Exhibition — Anne Duk Hee Jordan
HEK | Haus der Elektronischen Künste
Until February 19
HEK presents “I Must Alter Myself Into a Life-Form Which Can Exist on This Planet,” the first solo exhibition of German-Korean artist Anne Duk Hee Jordan, whose artistic universe is populated by humorous robotic machines with which she explores connections to other species and ecosystems. In her installations, the artist creates experimental and forward-looking scenarios in which she questions and dissolves the common attributions of nature, culture, and technology. In this exhibition, she draws viewers into an interactive fantasy game about the environment, art, and philosophy, opening doors to a universe that celebrates new models of community among all living things.
With her cautionary exhibition title “I must alter myself into a life-form which can exist on this planet Jordan refers to the imperative of our time—to be in harmony with the environment and nature in order not to endanger our planet even further. Transience and transformation recur as issues and themes in her works. Humans and nature meet in her works in unexpected ways—in a constant, sometimes ironic discourse between art and science, factual knowledge, and artistic imagination.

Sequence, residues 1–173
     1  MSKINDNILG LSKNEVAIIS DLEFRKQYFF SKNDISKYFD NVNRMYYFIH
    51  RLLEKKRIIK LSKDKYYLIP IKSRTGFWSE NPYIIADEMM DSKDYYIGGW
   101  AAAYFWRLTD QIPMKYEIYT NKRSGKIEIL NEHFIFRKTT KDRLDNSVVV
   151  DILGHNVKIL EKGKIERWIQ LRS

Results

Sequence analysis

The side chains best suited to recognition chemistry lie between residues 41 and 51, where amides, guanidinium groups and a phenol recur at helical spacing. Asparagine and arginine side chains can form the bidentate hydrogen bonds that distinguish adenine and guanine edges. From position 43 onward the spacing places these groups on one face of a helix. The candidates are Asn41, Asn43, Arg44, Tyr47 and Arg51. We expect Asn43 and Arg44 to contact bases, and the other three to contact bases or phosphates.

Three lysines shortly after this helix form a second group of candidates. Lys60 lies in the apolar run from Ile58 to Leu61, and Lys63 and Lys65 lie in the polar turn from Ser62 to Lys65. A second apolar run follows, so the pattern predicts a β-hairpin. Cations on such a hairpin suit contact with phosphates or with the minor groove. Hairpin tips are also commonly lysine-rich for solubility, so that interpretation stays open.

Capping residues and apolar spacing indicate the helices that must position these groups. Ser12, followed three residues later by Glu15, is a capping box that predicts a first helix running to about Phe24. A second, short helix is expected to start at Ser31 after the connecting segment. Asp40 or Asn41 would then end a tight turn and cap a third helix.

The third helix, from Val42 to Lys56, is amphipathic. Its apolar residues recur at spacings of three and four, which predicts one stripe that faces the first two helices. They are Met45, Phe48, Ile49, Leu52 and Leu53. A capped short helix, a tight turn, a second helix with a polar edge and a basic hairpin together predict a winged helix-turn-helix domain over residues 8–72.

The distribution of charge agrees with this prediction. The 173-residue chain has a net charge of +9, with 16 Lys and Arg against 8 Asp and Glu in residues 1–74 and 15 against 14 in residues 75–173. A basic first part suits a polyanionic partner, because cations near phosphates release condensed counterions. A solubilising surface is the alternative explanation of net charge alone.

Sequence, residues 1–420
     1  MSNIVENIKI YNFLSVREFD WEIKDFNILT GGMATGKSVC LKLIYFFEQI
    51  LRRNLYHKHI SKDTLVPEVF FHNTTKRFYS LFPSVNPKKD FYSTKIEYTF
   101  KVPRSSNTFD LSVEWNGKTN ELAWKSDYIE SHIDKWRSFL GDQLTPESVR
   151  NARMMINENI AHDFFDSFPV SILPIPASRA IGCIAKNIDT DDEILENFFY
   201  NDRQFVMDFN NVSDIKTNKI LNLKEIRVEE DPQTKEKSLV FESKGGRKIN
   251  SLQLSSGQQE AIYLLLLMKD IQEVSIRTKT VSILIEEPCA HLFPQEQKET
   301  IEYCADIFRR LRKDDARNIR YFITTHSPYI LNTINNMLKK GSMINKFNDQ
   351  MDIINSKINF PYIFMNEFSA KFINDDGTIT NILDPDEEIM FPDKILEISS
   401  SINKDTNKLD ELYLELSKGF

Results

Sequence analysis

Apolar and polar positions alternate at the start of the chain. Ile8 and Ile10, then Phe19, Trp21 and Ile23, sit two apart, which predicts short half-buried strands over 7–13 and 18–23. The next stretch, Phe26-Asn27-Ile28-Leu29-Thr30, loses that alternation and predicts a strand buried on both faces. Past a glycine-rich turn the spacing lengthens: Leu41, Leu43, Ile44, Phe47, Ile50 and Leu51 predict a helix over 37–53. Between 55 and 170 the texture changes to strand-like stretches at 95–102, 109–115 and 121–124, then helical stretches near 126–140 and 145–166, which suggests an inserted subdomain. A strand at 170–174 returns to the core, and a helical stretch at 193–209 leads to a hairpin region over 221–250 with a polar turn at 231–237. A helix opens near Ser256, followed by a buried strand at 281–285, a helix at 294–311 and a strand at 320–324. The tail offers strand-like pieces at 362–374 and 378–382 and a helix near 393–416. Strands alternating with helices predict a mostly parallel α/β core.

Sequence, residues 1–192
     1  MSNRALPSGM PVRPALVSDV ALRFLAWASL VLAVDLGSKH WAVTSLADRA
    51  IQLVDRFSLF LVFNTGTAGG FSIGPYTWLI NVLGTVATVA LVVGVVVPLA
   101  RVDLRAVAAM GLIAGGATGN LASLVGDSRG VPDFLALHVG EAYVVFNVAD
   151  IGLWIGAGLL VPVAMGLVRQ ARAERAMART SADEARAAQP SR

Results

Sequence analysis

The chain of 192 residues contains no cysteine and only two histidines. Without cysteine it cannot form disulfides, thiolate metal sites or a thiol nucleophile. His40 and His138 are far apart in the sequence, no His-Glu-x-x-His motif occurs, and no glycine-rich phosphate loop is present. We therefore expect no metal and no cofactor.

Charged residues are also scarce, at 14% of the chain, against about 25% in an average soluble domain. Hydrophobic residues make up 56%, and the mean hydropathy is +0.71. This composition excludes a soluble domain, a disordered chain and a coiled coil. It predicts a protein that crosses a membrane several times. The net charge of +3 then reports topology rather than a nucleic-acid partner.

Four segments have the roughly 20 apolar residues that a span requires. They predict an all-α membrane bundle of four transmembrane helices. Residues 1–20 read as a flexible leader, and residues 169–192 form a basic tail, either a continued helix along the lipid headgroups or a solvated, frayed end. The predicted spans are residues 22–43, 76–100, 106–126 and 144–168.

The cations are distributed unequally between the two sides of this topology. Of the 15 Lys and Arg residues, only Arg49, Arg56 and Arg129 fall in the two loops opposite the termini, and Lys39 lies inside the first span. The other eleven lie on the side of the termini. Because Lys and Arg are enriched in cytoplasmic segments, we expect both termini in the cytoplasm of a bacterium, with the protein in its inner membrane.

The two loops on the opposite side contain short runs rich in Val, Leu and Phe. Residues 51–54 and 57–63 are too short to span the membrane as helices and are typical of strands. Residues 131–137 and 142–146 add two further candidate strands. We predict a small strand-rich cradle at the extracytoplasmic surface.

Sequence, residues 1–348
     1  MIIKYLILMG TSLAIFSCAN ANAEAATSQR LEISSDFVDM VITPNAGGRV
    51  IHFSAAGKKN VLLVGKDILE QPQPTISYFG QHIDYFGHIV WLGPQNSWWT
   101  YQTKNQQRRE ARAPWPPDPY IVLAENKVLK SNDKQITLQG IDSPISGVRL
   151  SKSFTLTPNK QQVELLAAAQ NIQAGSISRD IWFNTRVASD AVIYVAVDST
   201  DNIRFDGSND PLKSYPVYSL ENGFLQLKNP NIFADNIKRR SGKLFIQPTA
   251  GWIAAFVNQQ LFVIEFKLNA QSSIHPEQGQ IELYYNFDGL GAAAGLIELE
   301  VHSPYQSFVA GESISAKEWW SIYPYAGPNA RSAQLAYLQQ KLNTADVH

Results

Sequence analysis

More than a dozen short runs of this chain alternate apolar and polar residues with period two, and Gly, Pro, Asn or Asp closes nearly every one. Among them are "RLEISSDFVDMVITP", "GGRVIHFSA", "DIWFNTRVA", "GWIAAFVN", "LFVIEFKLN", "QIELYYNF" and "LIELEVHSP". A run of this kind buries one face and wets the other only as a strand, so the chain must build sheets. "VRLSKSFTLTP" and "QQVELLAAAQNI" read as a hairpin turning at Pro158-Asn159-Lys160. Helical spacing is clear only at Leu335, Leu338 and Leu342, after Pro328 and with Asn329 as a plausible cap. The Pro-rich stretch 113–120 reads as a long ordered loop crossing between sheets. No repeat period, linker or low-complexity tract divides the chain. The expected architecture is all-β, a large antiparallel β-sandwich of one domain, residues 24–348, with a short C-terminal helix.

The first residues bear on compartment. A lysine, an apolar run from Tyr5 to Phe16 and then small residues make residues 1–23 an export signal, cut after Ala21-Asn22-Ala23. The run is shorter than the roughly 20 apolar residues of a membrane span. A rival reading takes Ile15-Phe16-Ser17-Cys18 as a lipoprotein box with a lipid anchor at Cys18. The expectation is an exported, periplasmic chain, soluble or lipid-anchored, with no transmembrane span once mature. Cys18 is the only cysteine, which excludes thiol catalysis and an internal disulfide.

Her worlds have something sensual and playful about them and open up a new view of our environment, propagating new models of community between all living beings. Jordan sensitizes us to a “togetherness with our environment” in the sense of the theories of the philosopher of science and cyborg pioneer Donna Haraway regarding the kinship of species. “Making Kin,” a term that finds expression in many of Jordan’s works, is a maxim coined by Haraway that calls for symbiosis between species.
In her artistic practice, Jordan often combines existing works into new constellations that, in the context of an exhibition, create a kind of Gesamtkunstwerk that addresses her interrogation of the ecological in new and inspiring ways. The exhibition at HEK will present central work complexes.
photo: © anne duk hee jordan, “atmospheres of breathing”